Shining a light on the heroes behind the scenes of the SA Thoroughbred industry

Shining a light on the heroes behind the scenes of the SA Thoroughbred industry

Furdy Swartbooi and the stallion, Master of my Fate who was born and raised at Varsfontein. Stud grooms play an indispensable role as caretakers, nurturers and guides to Thoroughbred horses. Stud farms are usually situated in rural areas and are an important source of employment to local communities. However, low levels of education amongst rural farm workers can make it difficult for grooms to fully understand the complexities of the stud farm business and thus to rise up in the stud farm industry, despite the important role that they play. Having grown up in Riverview – a disadvantaged and gang-riddled community in the Worcester District – stud groom, Furdy Swartbooi, and many others start their careers with very little support or formal knowledge of equine breeding activities and bloodlines.

Swartbooi

Swartbooi is one of the highly skilled stud grooms at Varsfontein Stud Farm – an internationally renowned stud farm located outside Paarl in the Western Cape. He is no stranger to the everyday demands of caring for foals, racehorses, or breeding stallions or broodmares as he starts the day in the stables, performing the most basic tasks such as cleaning and feeding the animals. His job requires much more than hard physical labour; Swartbooi is a devoted stud groom who shows incredible dedication and attentiveness to the protection and welfare of these majestic animals.

Caring for these animals is a matter of great passion, dedication and sacrifice, leaving little time for other endeavours. However, this level of hard work has never discouraged Swartbooi from working towards advancing his professional career.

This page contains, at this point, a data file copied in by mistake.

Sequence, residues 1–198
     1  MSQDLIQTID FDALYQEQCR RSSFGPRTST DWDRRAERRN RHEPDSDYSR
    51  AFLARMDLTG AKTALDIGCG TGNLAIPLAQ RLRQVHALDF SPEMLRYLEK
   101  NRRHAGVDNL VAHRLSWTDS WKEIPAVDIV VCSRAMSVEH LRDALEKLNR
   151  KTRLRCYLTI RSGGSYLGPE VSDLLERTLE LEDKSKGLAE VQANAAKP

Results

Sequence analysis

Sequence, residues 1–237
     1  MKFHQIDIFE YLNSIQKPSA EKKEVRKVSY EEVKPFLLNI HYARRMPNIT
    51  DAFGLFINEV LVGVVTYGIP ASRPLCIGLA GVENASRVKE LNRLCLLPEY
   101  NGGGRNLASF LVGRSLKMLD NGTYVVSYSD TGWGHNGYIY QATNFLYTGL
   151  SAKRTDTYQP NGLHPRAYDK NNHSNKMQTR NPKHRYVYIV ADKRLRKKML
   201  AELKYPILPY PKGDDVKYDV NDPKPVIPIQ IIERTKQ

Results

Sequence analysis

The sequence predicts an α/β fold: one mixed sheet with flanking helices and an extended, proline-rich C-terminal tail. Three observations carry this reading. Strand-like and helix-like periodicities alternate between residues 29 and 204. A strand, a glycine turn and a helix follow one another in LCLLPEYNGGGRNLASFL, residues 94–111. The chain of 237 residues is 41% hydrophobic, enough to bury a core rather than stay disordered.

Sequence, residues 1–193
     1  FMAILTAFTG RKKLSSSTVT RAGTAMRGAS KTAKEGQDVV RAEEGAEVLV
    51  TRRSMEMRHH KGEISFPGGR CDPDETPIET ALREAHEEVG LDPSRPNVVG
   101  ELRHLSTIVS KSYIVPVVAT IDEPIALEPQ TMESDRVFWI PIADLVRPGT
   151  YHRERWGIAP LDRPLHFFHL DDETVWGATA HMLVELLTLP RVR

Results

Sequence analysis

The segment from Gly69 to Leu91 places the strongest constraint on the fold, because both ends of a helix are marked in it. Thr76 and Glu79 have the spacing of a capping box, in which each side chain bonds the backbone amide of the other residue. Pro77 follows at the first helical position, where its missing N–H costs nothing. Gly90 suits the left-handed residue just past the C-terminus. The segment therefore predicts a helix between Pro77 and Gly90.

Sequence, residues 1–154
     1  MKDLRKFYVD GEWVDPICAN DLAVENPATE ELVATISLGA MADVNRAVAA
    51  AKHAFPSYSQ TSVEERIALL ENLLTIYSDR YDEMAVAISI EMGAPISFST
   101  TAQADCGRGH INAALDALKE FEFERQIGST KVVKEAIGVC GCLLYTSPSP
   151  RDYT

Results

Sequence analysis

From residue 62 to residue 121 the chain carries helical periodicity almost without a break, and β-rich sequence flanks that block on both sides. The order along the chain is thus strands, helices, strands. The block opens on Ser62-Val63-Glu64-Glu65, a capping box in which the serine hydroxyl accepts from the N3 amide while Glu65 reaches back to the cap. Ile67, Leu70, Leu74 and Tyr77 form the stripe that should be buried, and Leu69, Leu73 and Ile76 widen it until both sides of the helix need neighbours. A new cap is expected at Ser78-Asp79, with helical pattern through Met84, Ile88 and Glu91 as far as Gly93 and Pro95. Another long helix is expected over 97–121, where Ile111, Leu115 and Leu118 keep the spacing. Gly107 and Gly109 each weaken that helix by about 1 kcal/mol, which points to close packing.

Swartbooi has achieved the highest level of qualification for a stud groom currently, and now serves as the youngest member and leader of an industry co-operative – a group of independent stud grooms who aim to put their skills to the test by means of a small business, funded through the Department of Trade and Industry. In order to become a member of the co-operative, Swartbooi and his team had to successfully complete a minimum of three training modules offered as part of the training initiatives supported by the Thoroughbred Breeders’ Association (TBA).

Training

The training is aimed at empowering grooms to gain the necessary practical and professional skills that will enable them to eventually pursue success in their own business enterprises. Supporting this initiative, the TBA believes that these hard-working, knowledgeable stud grooms will not only bring up healthy, competitive racehorses – they possess the potential to invest in their own, or a share of their own, Thoroughbreds, either mares to breed their own foals from, or weanling foals that can be auctioned on for profit once they reach the correct age.

TBA CEO, Catherine Hartley comments: “It is our goal to promote the industry at large through initiatives that encourage the breeding and genetic improvement of Thoroughbred horses in South Africa, but also that open doors to a brighter future for the previously disadvantaged members of our community. We look forward to placing greater focus on more sustainable and formalised training courses for grooms in the near future, enabling them to participate more equitably in the industry. We are delighted at the prospect and believe that this will change the future of SA horse breeding as much as it will change these grooms’ lives.”

The Thoroughbred Breeders’ Association can be contacted on +27 (0) 11 323 5700 or +27 (0) 83 640 1155 or at catherine@tba.co.za. For more information, visit www.tba.co.za

 

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